While St. Charles and other health systems are feeling the relief of fewer COVID-19 patients these days, we are also continuing to navigate a serious set of challenges that are the direct result of the pandemic.

In 2021, St. Charles Health System lost $16.4 million due to direct impacts from COVID-19. Even when we include the COVID-relief funding we received from the federal government, we ended the year with a negative operating margin for the first time since the financial crisis of 2008. Having a positive operating margin is critical, as it allows us to re-invest in our equipment, facilities and training for our staff.

There are two primary issues driving these challenges:

  • Inpatient and outpatient surgical volume – which we rely on for a large portion of our revenue – was 29.2% lower than expected in 2021 because of a lack of bed capacity and staff to care for patients after surgery. These limitations were due at least in part to the high number of COVID-19 patients in our facilities.
  • Our labor costs have skyrocketed as many health care workers have left the profession due to burnout. We spent nearly $70 million on contract labor in 2021, which is up from about $12.7 million in 2020. We are grateful that about $31 million of that cost was covered by the state of Oregon, but we are no longer receiving that funding and must now cover all labor expenses on our own.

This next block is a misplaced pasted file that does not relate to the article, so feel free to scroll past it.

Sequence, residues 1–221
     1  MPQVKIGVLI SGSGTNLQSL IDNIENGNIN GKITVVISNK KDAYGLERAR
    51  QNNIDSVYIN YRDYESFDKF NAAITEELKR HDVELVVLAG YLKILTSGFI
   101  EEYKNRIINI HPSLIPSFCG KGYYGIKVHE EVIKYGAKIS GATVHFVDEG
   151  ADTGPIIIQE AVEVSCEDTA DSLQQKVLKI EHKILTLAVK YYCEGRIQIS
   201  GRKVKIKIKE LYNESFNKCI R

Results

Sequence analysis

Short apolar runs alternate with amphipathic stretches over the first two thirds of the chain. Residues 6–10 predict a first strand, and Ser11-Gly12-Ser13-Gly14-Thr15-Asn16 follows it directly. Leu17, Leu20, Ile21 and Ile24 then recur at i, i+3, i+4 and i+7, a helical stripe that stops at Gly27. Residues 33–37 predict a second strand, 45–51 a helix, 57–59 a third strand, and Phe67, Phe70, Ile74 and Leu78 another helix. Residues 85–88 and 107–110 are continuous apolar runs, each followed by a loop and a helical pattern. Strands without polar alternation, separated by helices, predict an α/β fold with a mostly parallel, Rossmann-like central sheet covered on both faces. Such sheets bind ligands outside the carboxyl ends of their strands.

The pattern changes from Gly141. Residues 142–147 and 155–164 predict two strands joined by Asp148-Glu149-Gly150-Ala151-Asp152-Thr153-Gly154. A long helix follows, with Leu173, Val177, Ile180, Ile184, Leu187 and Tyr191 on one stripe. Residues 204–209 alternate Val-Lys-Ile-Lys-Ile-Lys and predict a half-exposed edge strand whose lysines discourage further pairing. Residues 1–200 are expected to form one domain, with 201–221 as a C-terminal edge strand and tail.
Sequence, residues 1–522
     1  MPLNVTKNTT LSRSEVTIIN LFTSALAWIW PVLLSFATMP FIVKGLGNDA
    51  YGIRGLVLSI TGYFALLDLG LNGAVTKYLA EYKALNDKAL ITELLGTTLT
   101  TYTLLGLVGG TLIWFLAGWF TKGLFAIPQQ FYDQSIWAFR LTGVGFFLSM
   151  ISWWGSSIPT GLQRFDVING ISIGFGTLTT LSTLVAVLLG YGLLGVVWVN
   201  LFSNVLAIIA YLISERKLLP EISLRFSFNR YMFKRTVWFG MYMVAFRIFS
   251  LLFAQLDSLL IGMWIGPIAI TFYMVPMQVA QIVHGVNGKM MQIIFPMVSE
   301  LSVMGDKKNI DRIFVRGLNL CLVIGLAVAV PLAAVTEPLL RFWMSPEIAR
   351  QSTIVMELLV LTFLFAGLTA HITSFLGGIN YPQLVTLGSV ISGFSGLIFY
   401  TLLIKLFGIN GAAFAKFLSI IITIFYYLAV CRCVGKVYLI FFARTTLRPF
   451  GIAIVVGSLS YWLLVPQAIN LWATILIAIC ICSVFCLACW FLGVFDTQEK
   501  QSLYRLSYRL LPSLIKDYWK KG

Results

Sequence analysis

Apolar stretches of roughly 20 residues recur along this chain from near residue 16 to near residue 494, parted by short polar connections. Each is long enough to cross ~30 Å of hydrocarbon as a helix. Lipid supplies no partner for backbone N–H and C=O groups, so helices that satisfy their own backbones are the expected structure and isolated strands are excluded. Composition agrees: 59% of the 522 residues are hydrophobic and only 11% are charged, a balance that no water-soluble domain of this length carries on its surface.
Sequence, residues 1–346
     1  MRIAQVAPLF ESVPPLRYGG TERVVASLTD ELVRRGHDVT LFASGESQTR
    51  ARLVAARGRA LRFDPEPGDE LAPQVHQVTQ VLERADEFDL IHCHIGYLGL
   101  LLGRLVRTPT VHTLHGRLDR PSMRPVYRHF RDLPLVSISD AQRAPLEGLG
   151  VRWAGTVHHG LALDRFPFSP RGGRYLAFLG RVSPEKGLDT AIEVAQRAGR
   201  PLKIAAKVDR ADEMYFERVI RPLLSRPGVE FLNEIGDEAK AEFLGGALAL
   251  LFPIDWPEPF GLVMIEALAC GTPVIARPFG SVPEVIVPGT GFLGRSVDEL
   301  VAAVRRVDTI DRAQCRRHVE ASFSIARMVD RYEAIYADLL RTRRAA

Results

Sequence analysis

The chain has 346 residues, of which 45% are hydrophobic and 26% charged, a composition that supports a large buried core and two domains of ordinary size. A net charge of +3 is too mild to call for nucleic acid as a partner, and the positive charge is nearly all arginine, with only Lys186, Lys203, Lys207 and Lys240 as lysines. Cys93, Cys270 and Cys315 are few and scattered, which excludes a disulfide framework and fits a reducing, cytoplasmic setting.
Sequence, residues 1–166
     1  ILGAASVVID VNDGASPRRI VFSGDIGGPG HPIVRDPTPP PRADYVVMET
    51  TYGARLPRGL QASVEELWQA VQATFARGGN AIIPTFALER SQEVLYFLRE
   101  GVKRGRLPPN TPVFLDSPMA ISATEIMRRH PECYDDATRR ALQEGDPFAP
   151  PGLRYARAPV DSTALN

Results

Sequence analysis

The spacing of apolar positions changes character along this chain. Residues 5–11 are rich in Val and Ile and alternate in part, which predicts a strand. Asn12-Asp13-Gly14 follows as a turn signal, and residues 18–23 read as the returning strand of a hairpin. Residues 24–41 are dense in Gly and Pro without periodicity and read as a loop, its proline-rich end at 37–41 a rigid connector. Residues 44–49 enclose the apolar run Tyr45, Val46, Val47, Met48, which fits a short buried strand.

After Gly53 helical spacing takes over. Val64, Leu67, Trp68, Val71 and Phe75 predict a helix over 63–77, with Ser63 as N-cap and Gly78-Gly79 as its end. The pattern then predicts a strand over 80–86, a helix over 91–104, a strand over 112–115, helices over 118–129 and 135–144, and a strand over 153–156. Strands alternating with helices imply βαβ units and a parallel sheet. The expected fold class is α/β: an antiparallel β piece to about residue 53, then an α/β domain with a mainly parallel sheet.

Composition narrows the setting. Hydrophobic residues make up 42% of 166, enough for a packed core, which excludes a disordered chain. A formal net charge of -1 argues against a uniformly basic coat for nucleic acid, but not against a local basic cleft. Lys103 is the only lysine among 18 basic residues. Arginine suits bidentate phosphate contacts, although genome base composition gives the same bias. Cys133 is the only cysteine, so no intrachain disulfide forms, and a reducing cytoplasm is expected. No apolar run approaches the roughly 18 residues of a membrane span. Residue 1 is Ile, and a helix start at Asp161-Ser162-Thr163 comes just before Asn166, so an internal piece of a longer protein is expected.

The pandemic has also exacerbated problems within the health care system that existed previously. For years, the nation hasn’t produced enough health care professionals to replace those who are retiring. We know that additional behavioral health and skilled nursing services are critical, yet the infrastructure is not there to handle the current volume of patients. This means hospitalized patients often stay with us longer than necessary because beds aren’t available at facilities with a lower and less expensive level of care.

Hospitals are the safety net that catches people when they need these types of services and can’t receive them in other places. Yet, the holes in our net keep getting wider and more difficult to fill.

We are working vigorously to address these problems. Our voluntary turnover rate has decreased to 1.4% in March and thanks to an aggressive recruiting effort, our number of open positions is the lowest it has been in many months. We currently have 792 open positions and 232 candidates in the process of being hired. In addition, St. Charles has launched several programs to train our own health care workforce including a nurse residency program, a certified nursing assistant training program and a medical assistant training program.

We are actively implementing ideas to increase revenue and reduce expenses with a goal of minimizing the impact to our workforce and the services we provide.

I have the utmost confidence in our incredible team of caregivers. We will get through this next phase of the pandemic just as we have the past two years – by working together.


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